Black Water Sister by Zen Cho

The audio book image for ‘Black Water Sister’ by Zen Cho, narrated by Catherine Ho.

I completed the audio recording of Black Water Sister by Zen Cho a couple of weeks ago. The story is set in Penang and tells of Jessamyn Teoh, a young woman who has lived in the US most of her life, but must move back to Malaysia with her parents when her father falls ill and loses his job in the States.

To complicate the whiplash-sudden change of life and lifestyle, Jessamyn is a closeted lesbian  who plans to escape Penang and reunite with her girlfriend when the latter moves Singapore for graduate school. Plus, once in Penang, she finds herself haunted. By her recently-dead maternal grandmother.

Pretty soon, Jessamyn finds herself involved in a dangerous battle to save a Daoist temple threatened with demolition by a ruthless multi-billion-ringgit infrastructure company, pulled into the fray by the ghost of her grandmother who, turns out, not only used to be the temple deity’s spirit medium, but also has an ancient axe to grind with the big boss of the company.

To Jess’s horror and revulsion, it seems that she is to be the next medium to serve the deity (the titular Black Water Sister) and interestingly, it’s not so much the ruthless billionaire towkay who threatens Jess’s life, but the combination of her grandmother’s rage and regret, and the deity’s destructive fury, both directed at past injustices which they are determined to address. 

I enjoyed this book, not least because it’s set in Penang and features Daoist/folk beliefs and rituals. There is even the appearance of a Datuk Gong, which is a kind of folk deity I am particularly fond of.

The story deals with a number of issues that would be familiar to most Malaysians, like the gentrification of towns and suburbs (in this case, George Town); the exploitation of foreign workers; and the struggle of having desires and values that are at odds with those of your family. However, I’m afraid I was more interested in the supernatural aspects of the novel. I wanted to know more about the Black Water Sister; and I especially liked the various temple scenes; Jess’s visions of the past; and her interactions with supernatural beings, including Sun Wukong, the Monkey King.  I felt the author’s portrayal of Daoism, as a key component of her plot, captured really well the religion’s dramatically confident yet confusingly amorphous quality — well, at least that’s how the religion seems to an outsider (albeit an interested one) like me.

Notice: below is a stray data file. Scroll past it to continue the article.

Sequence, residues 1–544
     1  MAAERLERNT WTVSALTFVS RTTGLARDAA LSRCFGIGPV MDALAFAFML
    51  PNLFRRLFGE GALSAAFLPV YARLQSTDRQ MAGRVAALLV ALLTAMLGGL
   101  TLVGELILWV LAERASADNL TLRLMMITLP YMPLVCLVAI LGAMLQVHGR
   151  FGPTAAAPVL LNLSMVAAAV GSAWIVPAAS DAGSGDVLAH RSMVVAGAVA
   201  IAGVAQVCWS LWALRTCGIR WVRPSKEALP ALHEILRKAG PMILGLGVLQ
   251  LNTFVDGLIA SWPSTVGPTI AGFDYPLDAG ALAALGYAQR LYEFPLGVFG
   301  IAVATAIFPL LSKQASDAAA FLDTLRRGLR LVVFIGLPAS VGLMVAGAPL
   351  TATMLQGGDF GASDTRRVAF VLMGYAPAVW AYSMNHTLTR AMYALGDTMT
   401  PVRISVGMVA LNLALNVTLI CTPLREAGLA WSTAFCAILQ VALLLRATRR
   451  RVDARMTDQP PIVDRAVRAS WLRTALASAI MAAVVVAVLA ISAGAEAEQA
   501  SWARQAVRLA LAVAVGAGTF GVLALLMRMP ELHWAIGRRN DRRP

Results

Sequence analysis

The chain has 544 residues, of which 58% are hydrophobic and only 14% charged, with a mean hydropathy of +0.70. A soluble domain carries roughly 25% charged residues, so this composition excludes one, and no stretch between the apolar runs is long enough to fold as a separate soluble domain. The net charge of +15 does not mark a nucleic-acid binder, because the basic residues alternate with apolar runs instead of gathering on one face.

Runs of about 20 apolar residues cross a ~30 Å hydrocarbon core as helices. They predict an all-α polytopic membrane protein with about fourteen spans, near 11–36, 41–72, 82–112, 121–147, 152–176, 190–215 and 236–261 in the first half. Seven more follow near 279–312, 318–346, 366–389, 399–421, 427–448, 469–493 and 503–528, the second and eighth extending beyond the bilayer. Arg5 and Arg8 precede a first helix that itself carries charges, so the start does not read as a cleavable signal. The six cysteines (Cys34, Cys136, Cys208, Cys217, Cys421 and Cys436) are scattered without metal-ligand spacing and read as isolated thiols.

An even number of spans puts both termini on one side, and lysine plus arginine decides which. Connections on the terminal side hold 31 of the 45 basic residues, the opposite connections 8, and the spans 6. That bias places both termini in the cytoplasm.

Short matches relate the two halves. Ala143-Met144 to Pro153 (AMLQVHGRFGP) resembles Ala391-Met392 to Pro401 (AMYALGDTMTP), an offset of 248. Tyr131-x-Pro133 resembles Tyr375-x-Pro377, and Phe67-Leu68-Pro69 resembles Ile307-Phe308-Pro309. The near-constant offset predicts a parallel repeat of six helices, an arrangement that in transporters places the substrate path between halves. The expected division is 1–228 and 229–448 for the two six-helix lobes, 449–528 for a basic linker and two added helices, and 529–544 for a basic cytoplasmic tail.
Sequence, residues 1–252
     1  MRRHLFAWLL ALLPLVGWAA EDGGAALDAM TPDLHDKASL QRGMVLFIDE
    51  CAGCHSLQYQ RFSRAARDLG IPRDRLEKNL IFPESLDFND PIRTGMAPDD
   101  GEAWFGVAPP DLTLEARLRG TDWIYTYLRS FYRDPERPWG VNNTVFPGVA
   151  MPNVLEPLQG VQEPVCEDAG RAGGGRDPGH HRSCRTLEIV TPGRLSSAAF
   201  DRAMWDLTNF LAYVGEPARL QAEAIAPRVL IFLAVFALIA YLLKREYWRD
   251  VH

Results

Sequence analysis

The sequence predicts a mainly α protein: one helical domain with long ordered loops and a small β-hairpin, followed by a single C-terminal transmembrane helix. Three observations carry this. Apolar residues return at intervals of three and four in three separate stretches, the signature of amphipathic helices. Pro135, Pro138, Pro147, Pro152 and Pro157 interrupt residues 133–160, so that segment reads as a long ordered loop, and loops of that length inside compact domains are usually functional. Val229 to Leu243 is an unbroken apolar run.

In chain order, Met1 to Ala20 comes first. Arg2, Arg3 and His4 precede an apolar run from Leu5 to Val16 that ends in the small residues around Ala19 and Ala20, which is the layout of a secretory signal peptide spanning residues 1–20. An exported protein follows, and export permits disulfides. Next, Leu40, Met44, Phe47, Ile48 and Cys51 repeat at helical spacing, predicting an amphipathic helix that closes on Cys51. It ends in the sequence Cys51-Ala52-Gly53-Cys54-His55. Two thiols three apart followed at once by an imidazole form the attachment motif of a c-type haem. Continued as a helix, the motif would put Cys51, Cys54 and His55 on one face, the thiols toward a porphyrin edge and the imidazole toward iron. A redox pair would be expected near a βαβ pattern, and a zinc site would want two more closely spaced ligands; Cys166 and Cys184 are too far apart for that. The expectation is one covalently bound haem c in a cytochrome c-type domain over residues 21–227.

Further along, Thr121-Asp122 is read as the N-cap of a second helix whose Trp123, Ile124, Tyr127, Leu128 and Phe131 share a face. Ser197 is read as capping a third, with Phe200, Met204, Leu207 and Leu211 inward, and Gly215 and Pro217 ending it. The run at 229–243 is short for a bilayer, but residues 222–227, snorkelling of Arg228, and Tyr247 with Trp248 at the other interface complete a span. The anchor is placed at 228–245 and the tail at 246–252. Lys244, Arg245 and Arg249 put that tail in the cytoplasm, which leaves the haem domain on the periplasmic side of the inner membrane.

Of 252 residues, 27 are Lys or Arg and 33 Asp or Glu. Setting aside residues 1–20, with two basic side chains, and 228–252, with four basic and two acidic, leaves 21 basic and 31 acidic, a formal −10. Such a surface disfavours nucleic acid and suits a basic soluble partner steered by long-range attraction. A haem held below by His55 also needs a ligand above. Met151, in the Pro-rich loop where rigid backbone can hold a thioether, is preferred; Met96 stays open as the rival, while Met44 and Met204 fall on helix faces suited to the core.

The only thing that got in the way of my enjoyment of the book was the narrator (I listened to the audio recording), Catherine Ho, when she made a mess of certain Malay words. I guess she isn’t local and luckily, the words don’t occur all that often in the novel.

 

Ayer Itam Dam.

When I was listening to Black Water Sister, it took me a while to make the connection between ‘black water’ and ‘air hitam’ (Ayer Itam). Then I wondered why ‘black water’ sounds so much more menacing than ‘air hitam’. It’s probably because we are so used to it being a place name that we just hear the sounds of the words and have stopped being conscious of their meaning.

I asked my cousin who was born and raised in Penang, what Ayer Itam is called by Hokkien-speakers on the island and she said it is not translated into Hokkien because ‘all place names in Penang are already Hokkien’! What my cousin meant when she said that place names are ‘already Hokkien’ was that they have been absorbed into the Hokkien vernacular. While there are Hokkien words that mean black and water, Ayer Itam as a name is considered Hokkien in the same way ‘loti’ (derived from the Malay ‘roti’) is used by Hokkien speakers to mean bread. The Taiwanese say mibāo in their version of Hokkien, and it is like miànbāo  in Mandarin. However, mi/miàn refers to wheat flour that we would associate more with noodles than bread, and bāo is what we call the kind of (usually steamed) buns stuffed with meat and other filling. It’s like bread, but not like the loaves that we slice and toast. Southern Chinese did not eat that kind of bread, hence the absence of terminology for it and the adoption of roti by the Southern Chinese diaspora that settled in this region. Of course, roti was adopted by the Malays from the Hindi word for varieties of flat bread. (Sliced bread is a wypipo thing and nothing to get too excited about.)

How did we get from Ayer Itam to sliced bread? (Books do that — they take your mind everywhere!) Picture by Jude Infantini on Unsplash.

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